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Two million Yemeni children out of school: UNICEF

US Rep. Ilhan Omar (D-MN) (L) talks with Speaker of the House Nancy Pelosi (D-CA) during a rally with fellow Democrats before voting on H.R. 1, or the People Act, on the East Steps of the US Capitol on March 08, 2019 in Washington, DC. (AFP photo)
Yemeni school children attend an open-air class under a tree near their unfinished school in the village of al-Kashar, Ta'izz Province, on September 16, 2019. (Photo by AFP)

The United Nations Children’s Fund (UNICEF) estimates that two million children are out of school in Yemen, which has been the subject of a destructive Saudi-led military campaign for more than four years.

In a statement released on Wednesday, UNICEF representative in Yemen Sara Beysolow Nyanti said that a fourth of the two million Yemeni children have dropped out since the beginning of the Saudi war in March 2015.

She also warned that the education of a further 3.7 million children is at risk as teachers have not received their salaries for over two years, adding that one fifth of schools in Yemen can no longer be used as a direct result of the conflict.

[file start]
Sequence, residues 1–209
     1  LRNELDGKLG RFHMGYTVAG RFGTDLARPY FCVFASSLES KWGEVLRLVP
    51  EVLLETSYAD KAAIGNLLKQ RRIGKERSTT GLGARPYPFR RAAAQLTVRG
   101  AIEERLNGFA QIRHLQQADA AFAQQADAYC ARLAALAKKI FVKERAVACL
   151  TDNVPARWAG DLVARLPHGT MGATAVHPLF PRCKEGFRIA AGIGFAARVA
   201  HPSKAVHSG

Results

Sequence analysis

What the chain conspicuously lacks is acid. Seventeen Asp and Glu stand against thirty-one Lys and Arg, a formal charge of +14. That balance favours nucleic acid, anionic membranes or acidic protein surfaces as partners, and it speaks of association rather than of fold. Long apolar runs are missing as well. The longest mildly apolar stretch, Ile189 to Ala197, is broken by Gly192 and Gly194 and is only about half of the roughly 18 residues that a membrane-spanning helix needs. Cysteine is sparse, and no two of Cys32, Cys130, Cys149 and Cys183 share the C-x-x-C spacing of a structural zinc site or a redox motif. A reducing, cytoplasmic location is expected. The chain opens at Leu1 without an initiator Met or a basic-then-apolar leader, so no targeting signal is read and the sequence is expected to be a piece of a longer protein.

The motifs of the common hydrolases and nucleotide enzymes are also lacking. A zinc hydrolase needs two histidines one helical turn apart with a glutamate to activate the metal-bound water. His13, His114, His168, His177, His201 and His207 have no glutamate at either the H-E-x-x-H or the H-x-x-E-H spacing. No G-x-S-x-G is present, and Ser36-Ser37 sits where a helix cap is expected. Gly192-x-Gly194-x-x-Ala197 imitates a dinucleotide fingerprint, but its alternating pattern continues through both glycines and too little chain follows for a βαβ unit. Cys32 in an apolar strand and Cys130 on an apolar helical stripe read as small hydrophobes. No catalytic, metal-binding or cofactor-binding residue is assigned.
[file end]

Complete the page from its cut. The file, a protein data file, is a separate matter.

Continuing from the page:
"Violence, displacement and attacks on schools are preventing many children from accessing school," Nyanti said.

The UNICEF representative further raised concerns about the future of Yemeni children out of school, saying they "face increased risks of all forms of exploitation including being forced to join the fighting, child labor and early marriage."

"They lose the opportunity to develop and grow in a caring and stimulating environment, ultimately becoming trapped in a life of poverty and hardship," she added.

Saudi Arabia and its allies launched a deadly military aggression against Yemen in an attempt to reinstall a Riyadh-backed former regime and eliminate the Houthi movement, which has been defending the country along with the armed forces.

The Western-backed offensive, coupled with a naval blockade, has destroyed the country’s infrastructure.

It has also led to the world's worst humanitarian crisis in Yemen, with many children suffering from cholera and severe malnutrition.

The Saudi aggression has further displaced millions and left 24.1 million -- more than two-thirds of the Yemeni population -- in need of aid.

The US-based Armed Conflict Location and Event Data Project (ACLED), a nonprofit conflict-research organization, estimates that the war has claimed more than 91,000 lives over the past four and a half years.

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